Special formula in Jekyll and Hyde

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Jekyll and Hyde – The Musical, produced by North Canterbury Musicals, May 10-26, at the Rangiora Town Hall. Reviewed by Shelley Topp

The dual role of Dr Henry Jekyll and Mr Edward Hyde in North Canterbury Musicals’ new production Jekyll and Hyde is a perfect fit for lead actor Lance McBride.

His performance lit up the stage on opening night of the musical horror-drama in the Rangiora Town Hall last Thursday evening.

The musical is loosely based on Robert Louis Stevenson’s classic novella, The Strange Case of Dr Jekyll and Mr Hyde, first published in 1886.

Under the chandelier .. . The engagement party scene in the musical horror-drama. PHOTO: TREVOR WHITE PHOTOGRAPHY REVIEW

It tells the story of Dr Jekyll, a brilliant London doctor during the late 1800s who developed a chemical formula to help “tormented souls” locked in asylums, including his own father.

He seeks approval from St Jude’s Hospital’s board of governors to trial it on a human patient, but is refused permission. Instead, he tries it on himself. The experiment goes badly wrong, unleashing the darker side of Dr Jekyll’s mild-mannered, courteous personality and creating his twisted, violent alter ego who calls himself Edward Hyde, who goes on a murderous rampage through London.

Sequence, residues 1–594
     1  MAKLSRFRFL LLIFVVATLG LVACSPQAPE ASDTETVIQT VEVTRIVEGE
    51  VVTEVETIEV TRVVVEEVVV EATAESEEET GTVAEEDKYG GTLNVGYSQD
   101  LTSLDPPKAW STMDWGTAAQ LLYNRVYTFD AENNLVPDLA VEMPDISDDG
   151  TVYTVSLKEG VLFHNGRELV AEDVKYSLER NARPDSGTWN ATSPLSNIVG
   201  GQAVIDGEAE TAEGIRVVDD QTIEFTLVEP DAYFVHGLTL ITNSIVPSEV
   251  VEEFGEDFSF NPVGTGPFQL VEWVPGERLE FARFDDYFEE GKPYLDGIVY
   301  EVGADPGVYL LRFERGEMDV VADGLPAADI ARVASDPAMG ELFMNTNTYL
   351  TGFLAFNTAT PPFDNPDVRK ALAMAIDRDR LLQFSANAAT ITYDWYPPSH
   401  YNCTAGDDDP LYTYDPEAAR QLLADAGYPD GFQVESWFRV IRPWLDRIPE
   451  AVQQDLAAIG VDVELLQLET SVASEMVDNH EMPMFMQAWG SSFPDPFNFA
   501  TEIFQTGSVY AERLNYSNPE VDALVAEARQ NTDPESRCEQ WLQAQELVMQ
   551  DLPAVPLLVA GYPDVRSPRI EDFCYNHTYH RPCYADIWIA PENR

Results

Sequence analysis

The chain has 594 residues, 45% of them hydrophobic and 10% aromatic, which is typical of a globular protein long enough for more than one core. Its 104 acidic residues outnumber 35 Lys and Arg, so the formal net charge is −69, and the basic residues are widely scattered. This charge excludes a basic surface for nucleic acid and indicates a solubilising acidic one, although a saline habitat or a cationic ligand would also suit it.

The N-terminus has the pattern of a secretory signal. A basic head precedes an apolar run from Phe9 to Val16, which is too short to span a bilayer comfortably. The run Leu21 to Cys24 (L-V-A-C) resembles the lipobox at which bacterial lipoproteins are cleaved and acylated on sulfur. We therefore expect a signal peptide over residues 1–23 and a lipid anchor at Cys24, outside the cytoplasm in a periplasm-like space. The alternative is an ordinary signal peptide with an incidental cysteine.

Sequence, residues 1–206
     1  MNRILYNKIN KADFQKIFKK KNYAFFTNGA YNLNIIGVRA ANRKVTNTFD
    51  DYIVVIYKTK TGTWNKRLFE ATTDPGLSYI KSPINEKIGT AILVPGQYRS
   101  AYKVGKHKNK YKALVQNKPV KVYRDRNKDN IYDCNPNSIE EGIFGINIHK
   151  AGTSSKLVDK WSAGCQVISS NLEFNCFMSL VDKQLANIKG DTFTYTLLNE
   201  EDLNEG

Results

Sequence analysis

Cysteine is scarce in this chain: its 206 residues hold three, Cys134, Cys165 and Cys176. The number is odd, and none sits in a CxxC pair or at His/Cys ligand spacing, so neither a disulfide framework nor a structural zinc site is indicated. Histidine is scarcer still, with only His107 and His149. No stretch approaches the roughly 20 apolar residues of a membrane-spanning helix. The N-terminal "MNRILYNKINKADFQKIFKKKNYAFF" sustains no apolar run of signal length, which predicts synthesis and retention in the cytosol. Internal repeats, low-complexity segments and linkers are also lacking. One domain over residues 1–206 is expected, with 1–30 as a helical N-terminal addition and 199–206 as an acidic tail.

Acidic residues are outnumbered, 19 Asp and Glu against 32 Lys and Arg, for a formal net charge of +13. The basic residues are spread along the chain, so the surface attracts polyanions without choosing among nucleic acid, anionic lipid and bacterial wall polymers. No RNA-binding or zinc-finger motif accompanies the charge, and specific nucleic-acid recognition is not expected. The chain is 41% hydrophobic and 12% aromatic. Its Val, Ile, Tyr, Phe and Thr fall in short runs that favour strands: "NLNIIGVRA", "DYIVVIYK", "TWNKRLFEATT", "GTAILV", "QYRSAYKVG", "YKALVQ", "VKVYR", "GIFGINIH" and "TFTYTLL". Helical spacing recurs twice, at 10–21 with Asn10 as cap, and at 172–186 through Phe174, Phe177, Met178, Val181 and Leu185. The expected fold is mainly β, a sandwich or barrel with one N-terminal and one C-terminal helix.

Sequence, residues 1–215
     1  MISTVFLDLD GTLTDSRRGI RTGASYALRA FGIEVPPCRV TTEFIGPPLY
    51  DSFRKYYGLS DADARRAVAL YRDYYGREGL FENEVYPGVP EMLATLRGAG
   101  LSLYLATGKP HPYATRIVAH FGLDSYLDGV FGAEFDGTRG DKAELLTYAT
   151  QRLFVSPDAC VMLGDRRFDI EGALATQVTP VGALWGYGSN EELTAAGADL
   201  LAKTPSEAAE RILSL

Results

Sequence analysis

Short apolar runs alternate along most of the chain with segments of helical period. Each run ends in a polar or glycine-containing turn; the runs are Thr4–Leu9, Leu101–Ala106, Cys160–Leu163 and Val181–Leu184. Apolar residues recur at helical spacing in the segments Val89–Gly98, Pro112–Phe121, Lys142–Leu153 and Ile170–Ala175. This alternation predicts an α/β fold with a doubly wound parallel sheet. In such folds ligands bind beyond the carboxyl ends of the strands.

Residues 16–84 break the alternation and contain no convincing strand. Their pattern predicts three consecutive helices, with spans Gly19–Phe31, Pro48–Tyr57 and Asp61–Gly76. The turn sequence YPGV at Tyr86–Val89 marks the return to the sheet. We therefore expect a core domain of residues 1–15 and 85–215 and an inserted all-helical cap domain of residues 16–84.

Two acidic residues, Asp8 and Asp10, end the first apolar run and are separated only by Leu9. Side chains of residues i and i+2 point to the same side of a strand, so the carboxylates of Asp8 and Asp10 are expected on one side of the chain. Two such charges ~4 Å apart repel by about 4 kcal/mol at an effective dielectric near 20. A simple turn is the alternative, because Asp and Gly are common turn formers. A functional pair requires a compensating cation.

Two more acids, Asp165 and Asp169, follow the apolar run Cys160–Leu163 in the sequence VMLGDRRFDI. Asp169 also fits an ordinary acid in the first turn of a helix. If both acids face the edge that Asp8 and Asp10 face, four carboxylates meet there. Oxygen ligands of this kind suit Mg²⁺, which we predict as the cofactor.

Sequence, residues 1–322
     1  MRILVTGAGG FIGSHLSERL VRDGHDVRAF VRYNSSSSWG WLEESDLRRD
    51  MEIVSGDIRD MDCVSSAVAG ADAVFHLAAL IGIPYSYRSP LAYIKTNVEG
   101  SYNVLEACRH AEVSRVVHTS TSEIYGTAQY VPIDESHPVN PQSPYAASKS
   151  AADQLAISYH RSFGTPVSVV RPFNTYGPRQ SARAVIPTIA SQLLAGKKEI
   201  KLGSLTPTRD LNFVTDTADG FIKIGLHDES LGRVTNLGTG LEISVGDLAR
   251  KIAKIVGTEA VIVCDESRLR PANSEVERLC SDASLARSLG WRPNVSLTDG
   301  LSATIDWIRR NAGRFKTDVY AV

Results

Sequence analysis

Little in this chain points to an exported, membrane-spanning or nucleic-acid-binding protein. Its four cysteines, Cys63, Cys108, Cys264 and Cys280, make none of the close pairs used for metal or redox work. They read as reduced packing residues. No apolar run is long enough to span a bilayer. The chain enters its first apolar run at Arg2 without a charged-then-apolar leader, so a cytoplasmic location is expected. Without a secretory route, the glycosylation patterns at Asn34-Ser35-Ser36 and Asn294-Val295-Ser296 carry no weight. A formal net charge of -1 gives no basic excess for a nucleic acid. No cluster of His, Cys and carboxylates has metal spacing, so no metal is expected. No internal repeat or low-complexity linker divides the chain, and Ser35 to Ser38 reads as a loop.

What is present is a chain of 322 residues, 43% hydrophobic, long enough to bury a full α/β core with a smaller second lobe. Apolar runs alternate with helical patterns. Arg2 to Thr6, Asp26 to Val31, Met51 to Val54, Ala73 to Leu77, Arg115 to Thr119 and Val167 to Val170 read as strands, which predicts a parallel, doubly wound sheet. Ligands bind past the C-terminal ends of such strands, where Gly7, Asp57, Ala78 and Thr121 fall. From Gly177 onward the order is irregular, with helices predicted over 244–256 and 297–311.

Jekyll and Hyde is also a love story between Dr Jekyll and his high-society betrothed, Emma Carew (played by Briar Patrick), and Lucy Harris (played by Catherine Hay), the star attraction at the Red Rat a seedy London nightclub, who the doctor meets on the night of his engagement party.

It is a captivating story with a compelling musical score.

The tender duet between Emma and her father, Sir Danvers Carew (played by Warwick Shillito), was lovely.

Catherine Hay’s bawdy Bring on the Men was magnificent and her beautiful solo, Someone Like You, both in the first act, demonstrated her incredible range and versatility. Her chilling duet, Dangerous Game, with Edward Hyde, was also a highlight.

The split-level stage and use of a retractable gauze screen allowed rapid scene changes, which set a cracking pace.

The sets had well-chosen props, and a black background combined with clever, shadowy lighting delivered intimacy and authenticity with simplicity.

The crystal chandelier in the engagement party scene was a standout, as was the large, eerie, white cross suspended mid stage during the graveyard scene, a large street lamp and street-life backdrop for the street scenes, and the laboratory scene.

This is another superb production from North Canterbury Musicals, formerly known as the North Canterbury Musical Society.

About 10,000 volunteer hours have gone into producing the musical, according to its president, Lynne James. “I am in awe of the many talented people who have given their valuable time in order to present this show. My extreme gratitude is extended to each and every one of them.”

I couldn’t agree more.